Ask Brian is a weekly column by Real Estate Expert Brian Kline. If you have questions on real estate investing, DIY, home buying/selling, or other housing inquiries please email your questions to email@example.com.
Question from WildCat in CA: Hi Brian, I’ve been with Sierra for three years and we’ve decided to get married. At first, I was incredibly excited about this but after a few days, I started thinking about some of the implications. In particular, I thought about how marriage will affect our finances. I know that it’s not romantic but in many ways it seems like getting married can really mess up a couple’s finances. I have one big example that I’m asking for your help with. Sierra took out a mortgage to buy her parents a house a couple of years ago. She didn’t just co-sign for the mortgage, the mortgage is only in her name. Her parents pay a small portion towards the mortgage each month, but Sierra pays the bulk of the payment. So, here is my question. If we get married, will I become responsible for the mortgage on her parent’s house? I haven’t even talked to Sierra about this because I’m afraid it could destroy what has been a great relationship up until we started talking about getting married.
Answer: Hello WildCat. That’s a tough question that you’re asking. My first thought was that you could try writing your situation into some type of a prenuptial agreement and that is when I realized how important it is for you to get a knowledgeable attorney involved (I’m not an attorney). In my opinion, this goes beyond just general legal advice because there are so many possible variations involved. For instance, it could get in the way of the two of you buying a house if you don’t already have one. Or what could be the consequences if she defaults on the mortgage or even has to declare bankruptcy? Another complicated possibility is what happens if there is a divorce? Would you still be responsible for Sierra’s parent’s mortgage if you were no longer married to Sierra? Importantly, the laws vary drastically from state to state.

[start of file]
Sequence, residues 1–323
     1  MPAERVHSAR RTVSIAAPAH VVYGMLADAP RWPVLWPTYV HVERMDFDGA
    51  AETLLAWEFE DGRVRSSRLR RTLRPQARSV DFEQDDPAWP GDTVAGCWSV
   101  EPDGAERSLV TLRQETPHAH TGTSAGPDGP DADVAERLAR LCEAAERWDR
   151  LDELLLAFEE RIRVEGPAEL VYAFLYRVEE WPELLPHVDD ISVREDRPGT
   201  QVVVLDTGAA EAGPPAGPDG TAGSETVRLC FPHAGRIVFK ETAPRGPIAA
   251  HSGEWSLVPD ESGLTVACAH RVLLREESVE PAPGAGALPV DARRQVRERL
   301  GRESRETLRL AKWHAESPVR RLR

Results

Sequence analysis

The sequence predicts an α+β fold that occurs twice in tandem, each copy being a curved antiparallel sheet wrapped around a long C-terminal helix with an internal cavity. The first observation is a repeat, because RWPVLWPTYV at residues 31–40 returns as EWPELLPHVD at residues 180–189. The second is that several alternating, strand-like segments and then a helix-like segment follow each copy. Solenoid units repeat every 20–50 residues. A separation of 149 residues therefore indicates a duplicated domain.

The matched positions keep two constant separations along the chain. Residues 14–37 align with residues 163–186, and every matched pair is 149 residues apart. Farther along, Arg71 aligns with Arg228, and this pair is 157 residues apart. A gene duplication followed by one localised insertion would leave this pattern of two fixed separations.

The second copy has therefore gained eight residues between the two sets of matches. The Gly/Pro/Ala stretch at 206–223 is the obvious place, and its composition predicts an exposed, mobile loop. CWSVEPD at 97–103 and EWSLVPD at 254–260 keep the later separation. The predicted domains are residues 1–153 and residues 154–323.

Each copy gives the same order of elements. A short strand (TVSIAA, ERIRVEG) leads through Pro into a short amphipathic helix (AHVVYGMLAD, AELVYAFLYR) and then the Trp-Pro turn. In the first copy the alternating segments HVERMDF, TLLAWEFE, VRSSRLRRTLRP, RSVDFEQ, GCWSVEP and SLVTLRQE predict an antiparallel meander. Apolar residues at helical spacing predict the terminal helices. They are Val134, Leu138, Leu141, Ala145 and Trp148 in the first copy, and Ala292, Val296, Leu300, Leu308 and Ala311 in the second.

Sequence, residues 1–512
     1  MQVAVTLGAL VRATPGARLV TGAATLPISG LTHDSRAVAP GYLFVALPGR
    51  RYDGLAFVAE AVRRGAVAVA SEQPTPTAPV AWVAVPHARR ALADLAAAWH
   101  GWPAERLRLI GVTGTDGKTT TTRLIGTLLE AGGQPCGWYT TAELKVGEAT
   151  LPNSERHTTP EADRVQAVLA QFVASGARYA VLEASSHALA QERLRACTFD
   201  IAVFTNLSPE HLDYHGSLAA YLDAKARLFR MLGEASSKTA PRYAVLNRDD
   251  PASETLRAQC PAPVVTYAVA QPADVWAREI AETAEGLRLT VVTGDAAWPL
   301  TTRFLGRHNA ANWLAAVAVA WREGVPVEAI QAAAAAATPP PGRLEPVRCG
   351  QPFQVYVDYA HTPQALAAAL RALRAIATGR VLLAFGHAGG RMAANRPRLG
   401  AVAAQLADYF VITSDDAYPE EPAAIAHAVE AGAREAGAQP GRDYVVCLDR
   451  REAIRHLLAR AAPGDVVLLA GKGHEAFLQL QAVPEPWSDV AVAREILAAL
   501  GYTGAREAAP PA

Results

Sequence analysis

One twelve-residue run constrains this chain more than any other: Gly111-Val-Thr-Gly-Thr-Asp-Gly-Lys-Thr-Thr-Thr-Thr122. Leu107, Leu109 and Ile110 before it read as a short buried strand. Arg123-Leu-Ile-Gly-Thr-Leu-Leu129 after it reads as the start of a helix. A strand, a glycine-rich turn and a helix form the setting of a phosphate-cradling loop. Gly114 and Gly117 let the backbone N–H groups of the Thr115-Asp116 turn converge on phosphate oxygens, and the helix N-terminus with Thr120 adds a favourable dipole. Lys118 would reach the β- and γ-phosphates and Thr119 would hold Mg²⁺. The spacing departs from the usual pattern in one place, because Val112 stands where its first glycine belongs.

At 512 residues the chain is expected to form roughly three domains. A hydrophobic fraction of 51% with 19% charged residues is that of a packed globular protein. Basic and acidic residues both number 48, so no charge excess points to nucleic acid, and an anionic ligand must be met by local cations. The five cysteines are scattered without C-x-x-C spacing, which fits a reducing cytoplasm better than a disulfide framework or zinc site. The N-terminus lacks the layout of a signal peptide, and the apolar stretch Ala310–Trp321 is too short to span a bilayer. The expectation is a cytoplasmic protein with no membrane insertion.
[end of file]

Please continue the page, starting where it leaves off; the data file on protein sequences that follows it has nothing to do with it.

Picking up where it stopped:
I understand why you are reluctant to talk to Sierra about this, there is nothing romantic about marrying someone else’s debt. The best I can offer are some broad and general thoughts about the possibilities of what it does mean when you marry someone else’s debt. California is a community property state, so I’m going to lean towards what this could mean in community property states.
If you live in a community property state, most debts incurred after marriage will be treated as the responsibility of both spouses. Nine states have community property laws:
There are many reasons why it’s important to understand who and when individuals are responsible for the other one’s debt after you get married. For the most part, this becomes important if the debt goes into default.
When a debt is held by just one person in a community property state. My thought is this is why you might want to consider structuring Sierra’s parent’s mortgage in a prenuptial agreement (but talk to a lawyer first). Creditors could seek to attach jointly held assets to recover what's owed. Debt recovery may include bank accounts and any real property you own, such as a home, land, or vehicle. So even though you may not have been directly responsible for the debt, you'd still be on the hook for repaying it if your spouse defaults.
Joint accounts or co-signing for each other’s debt. When both names are on an account, late or nonpayment will impact the credit score of both people. Additionally, you can both be sued for a defaulted debt regardless if you live in a community property or common law state.
Debt and divorce in a community property state. WildCat, this might get you out of your biggest fear of marriage. But again, talk to a knowledgeable attorney. The debts you individually brought into the marriage should remain your own. However, debts taken on after the marriage should be divided equally between you — depending on the divorce laws in your state. In common law states, divorce courts typically follow an equitable distribution rule, meaning it's up to the court to decide how marital debts should be split.
WildCat, this is intended to help you understand your concerns, but you didn’t mention what debt you are bringing to the marriage. After all, marriage is a two-way street. Are you bringing student loans or a big credit card debt into the marriage? What are your financial goals? Are you trying to pay off debt so you can buy your own home or are you saving for retirement? It's a good idea to talk with your partner about your financial situation before getting married. That way you both understand how much debt you have as a couple and who's responsible for which debt.
What can you add to this conversation about debt and marriage? Please comment.
Our weekly Ask Brian column welcomes questions from readers of all experience levels with residential real estate. Please email your questions or inquiries to firstname.lastname@example.org.
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